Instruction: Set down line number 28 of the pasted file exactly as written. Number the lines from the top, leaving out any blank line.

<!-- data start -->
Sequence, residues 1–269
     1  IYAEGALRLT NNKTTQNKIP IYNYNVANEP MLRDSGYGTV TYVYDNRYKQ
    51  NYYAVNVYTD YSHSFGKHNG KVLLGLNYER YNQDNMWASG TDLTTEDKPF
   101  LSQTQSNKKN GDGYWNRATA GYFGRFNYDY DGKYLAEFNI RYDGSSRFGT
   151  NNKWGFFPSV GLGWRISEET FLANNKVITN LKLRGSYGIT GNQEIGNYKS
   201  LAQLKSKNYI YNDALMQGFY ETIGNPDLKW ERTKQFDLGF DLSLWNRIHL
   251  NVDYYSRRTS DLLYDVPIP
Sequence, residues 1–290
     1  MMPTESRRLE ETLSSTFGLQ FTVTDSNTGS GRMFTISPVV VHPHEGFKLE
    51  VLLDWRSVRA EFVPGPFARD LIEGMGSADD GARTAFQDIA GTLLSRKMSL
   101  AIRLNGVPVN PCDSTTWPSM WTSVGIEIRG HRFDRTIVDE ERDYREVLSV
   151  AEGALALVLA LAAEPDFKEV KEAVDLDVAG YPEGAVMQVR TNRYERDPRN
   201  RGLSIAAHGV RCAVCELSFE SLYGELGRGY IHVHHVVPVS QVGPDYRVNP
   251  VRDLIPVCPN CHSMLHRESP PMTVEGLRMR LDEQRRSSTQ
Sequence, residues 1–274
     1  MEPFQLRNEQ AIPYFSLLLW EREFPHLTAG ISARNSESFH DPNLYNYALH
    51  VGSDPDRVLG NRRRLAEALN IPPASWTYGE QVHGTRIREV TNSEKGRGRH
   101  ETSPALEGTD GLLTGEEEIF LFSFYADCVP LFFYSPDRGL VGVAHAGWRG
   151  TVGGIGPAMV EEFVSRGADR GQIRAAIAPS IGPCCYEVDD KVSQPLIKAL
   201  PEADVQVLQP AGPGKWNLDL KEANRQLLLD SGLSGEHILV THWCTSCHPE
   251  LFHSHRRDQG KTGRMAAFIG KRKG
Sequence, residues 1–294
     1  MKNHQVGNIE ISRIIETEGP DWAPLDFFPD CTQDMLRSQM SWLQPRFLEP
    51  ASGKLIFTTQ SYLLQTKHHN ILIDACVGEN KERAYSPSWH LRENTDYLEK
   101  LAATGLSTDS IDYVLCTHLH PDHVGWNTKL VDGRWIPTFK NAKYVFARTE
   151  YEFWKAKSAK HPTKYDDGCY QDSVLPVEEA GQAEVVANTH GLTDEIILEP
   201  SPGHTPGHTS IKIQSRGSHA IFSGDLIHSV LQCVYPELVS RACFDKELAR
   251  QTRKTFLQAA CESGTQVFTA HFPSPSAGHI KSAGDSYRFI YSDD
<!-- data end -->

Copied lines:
   251  QTRKTFLQAA CESGTQVFTA HFPSPSAGHI KSAGDSYRFI YSDD